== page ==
Type 1 diabetes completely damages the pancreas, an organ responsible for making insulin. For that reason, persons with type 1 diabetes cannot produce any insulin on their own. Every patient with type 1 diabetes depends on injections of insulin so that glucose can be used as energy in the body.

Two major types of insulin are used to treat patients with type 1 diabetes: rapid-acting or short- acting and long-acting insulin.

  How They Work When They’re Taken Examples
Long-Acting (“Basal”) Insulin
 Basal Insulin
  • Once or twice a day, depending on which type is prescribed (see examples).
Short-Acting and Rapid-Acting (“Bolus”) Insulin
Nutritional Insulin
  • Up to fifteen minutes before each meal (rapid-acting) or 30 minutes before each meal (short-acting). Short-acting insulin is most effective a few hours after it’s injected.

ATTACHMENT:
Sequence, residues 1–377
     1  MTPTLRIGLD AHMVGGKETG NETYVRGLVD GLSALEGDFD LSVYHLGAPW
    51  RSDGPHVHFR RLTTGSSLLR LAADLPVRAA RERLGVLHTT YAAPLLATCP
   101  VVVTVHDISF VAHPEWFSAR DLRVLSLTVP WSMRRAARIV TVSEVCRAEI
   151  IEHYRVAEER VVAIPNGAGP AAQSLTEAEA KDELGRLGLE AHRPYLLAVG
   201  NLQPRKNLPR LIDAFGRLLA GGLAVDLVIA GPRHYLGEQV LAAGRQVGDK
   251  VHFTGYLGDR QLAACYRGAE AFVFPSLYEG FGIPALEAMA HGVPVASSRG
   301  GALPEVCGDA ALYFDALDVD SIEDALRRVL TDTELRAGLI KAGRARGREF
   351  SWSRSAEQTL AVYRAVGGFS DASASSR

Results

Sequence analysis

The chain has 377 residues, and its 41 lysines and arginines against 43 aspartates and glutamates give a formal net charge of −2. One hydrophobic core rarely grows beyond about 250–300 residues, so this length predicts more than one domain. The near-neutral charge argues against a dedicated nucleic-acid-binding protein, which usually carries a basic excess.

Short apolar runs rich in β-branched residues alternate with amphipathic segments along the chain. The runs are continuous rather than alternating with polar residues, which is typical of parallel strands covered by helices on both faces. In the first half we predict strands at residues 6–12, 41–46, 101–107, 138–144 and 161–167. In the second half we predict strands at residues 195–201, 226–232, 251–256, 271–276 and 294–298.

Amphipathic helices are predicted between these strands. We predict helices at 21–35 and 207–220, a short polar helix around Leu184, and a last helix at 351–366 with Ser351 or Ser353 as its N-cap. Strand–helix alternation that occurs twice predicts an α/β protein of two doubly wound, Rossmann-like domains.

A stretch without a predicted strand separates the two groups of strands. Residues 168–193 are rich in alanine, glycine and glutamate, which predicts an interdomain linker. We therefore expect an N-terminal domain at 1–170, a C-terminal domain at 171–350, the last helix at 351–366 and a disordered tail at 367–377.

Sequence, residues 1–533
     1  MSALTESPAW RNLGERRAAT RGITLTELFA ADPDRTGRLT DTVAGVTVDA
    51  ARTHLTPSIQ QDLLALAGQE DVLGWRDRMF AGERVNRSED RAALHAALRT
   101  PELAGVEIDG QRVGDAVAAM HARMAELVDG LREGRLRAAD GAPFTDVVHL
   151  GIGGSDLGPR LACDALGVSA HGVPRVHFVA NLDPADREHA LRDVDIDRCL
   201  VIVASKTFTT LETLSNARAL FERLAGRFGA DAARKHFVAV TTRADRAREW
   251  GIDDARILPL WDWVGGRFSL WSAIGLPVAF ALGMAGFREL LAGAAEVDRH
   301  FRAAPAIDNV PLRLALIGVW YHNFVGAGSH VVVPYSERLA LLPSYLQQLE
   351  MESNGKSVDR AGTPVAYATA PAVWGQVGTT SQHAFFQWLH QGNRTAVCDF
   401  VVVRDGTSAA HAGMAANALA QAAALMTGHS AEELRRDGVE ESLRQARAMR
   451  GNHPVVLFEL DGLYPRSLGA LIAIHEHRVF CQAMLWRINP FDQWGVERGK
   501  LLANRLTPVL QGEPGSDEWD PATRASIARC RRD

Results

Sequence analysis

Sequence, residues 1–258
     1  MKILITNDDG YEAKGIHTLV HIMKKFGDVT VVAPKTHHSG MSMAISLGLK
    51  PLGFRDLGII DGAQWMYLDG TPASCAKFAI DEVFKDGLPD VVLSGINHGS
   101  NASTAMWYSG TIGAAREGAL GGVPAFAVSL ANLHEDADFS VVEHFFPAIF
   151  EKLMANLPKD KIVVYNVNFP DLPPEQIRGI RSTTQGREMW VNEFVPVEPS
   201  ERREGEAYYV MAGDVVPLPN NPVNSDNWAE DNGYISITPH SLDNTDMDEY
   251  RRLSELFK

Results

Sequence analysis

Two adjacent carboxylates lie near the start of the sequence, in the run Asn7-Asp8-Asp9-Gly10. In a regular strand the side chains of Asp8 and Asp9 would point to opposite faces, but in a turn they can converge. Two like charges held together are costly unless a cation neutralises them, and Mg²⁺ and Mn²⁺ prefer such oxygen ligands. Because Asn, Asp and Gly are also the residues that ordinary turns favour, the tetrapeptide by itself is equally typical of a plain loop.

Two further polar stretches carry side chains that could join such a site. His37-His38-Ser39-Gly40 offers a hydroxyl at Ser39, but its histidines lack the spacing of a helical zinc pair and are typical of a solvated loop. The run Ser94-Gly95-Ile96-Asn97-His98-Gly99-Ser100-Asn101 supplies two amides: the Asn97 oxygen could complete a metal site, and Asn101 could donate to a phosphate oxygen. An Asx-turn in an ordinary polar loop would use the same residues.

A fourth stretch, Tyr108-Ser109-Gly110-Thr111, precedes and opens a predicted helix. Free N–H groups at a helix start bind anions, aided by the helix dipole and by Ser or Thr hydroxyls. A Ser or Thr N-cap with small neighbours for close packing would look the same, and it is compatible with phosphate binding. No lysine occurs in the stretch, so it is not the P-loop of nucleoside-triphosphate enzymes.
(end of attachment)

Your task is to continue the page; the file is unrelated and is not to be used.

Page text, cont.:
Correctional Insulin


Most patients with type 1 diabetes are treated with “intensive” or “basal-bolus” insulin therapy, which requires four injections a day. This method allows a great deal of flexibility with regards to the types of food patients eat, when they eat it, and how much they eat.

The usual treatment schedule is:

However, every individual treatment regimen is individualized; talk to your health care provider about the best regimen for you.

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